Canadian Foodgrains Bank is always looking for creative ways to fight hunger. That’s why the organization welcomes a new idea announced by the G20 at its recent meeting in Mexico that offers rewards for companies that can solve certain food-related problems.
Called AgResults, the new program offers incentives to the private sector to pursue new and innovative solutions to problems facing smallholder farmers in the developing world.
One of those problems is developing cheap on-farm grain storage that will prevent spoilage from insects, rodents and mould — smallholder farmers in developing countries often suffer high post-harvest losses to these pests.
To avoid the loss, many farmers sell their grain at harvest time, when prices are low. They then have to buy back grain for their own consumption later in the year when prices are higher. With good on-farm storage, farmers could save their own grain for family consumption, or make more money by selling it later in the year.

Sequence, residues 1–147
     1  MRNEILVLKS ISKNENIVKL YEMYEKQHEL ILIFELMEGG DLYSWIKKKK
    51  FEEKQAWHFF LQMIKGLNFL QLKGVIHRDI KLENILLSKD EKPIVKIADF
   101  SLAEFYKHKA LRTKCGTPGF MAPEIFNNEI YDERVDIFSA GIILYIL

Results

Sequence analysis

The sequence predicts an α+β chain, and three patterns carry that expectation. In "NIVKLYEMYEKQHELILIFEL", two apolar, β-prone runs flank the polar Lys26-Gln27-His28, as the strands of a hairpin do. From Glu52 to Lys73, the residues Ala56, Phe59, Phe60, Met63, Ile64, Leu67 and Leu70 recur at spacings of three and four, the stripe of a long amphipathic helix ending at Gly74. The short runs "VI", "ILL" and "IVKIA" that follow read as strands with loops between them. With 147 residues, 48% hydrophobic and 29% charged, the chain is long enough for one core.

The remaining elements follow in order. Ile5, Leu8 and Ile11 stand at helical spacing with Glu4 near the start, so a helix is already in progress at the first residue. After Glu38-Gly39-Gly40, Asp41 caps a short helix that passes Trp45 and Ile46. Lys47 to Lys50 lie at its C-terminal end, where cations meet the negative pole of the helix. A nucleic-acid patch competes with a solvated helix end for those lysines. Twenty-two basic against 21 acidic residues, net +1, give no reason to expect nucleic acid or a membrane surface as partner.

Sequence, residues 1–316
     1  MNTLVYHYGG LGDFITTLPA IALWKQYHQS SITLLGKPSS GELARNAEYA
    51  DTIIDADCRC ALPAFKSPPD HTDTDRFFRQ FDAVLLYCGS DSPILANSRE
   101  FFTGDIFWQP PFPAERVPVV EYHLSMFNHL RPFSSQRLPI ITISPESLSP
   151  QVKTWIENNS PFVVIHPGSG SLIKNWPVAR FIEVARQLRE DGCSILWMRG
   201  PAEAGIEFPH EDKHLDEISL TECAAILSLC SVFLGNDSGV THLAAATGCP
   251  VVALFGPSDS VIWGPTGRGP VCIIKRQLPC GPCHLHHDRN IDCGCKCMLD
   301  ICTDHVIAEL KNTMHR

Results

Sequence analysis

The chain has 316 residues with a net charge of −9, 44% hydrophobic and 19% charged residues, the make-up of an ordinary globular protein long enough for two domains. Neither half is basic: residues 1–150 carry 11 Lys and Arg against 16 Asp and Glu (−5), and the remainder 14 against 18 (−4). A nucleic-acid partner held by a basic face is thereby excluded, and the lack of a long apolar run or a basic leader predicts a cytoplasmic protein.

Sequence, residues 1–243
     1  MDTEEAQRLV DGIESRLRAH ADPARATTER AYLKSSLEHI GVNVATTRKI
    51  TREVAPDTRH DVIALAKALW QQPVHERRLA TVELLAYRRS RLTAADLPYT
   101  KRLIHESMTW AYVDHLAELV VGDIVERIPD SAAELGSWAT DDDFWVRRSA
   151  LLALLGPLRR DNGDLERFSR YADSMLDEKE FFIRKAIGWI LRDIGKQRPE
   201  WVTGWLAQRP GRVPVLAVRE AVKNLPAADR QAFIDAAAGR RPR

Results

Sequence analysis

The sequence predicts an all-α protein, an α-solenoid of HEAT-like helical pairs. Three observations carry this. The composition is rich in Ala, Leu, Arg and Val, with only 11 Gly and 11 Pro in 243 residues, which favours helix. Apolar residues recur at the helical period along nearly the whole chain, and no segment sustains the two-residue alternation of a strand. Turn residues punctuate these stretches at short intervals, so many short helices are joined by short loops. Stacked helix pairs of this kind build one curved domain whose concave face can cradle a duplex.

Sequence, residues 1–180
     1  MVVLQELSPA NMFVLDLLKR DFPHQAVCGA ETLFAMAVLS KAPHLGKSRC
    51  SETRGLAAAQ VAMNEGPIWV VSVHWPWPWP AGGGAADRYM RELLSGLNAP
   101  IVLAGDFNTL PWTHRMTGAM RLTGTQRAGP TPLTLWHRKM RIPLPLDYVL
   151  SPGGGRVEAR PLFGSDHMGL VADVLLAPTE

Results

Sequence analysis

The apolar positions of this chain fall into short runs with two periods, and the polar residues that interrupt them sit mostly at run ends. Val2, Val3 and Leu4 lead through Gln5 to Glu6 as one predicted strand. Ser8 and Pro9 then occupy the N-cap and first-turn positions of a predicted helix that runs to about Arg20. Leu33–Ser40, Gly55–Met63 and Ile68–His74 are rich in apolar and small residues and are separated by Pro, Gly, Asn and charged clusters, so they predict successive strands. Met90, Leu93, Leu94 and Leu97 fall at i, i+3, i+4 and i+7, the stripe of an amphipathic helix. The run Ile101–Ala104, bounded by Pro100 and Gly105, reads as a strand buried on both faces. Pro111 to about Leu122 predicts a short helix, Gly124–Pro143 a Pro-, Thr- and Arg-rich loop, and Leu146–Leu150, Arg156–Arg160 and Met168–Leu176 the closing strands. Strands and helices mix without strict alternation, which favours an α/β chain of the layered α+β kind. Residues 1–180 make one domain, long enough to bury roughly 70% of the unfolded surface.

Under the AgResults program, companies are being encouraged to develop good storage technology for maize (corn) in Kenya, then sell this technology to smallholder farmers. The winning companies will be determined by the farmers themselves, and the G20 will pay rewards to companies based on how much market share they have captured.
AgResults is an example of what is called a “market-pull mechanism.” That is, rather than paying up front to develop a product, the G20 rewards those companies that invest their own money to produce the desired result. Similar mechanisms have been used to promote wider distribution of human vaccines, but this is the first use to solve agricultural problems.
Canada has committed $40 million of its foreign aid budget to AgResults, and it is joined by several other G20 countries in supporting the program.
In addition to on-farm storage, AgResults is also offering rewards to solve two marketing challenges. In Nigeria, it will reward grain buyers that are able to develop a market for a biocontrol product that prevents the growth of toxins on maize. In Zambia, the program aims to encourage wider use of maize varieties that are high in vitamin A, and it will reward milling companies that can build and sustain that market.
The Canadian Foodgrains Bank welcomes this innovative approach to fighting hunger — it’s a good way to harness the innovation of African companies. The new program will give a boost to entrepreneurs by providing some extra incentive for them to innovate.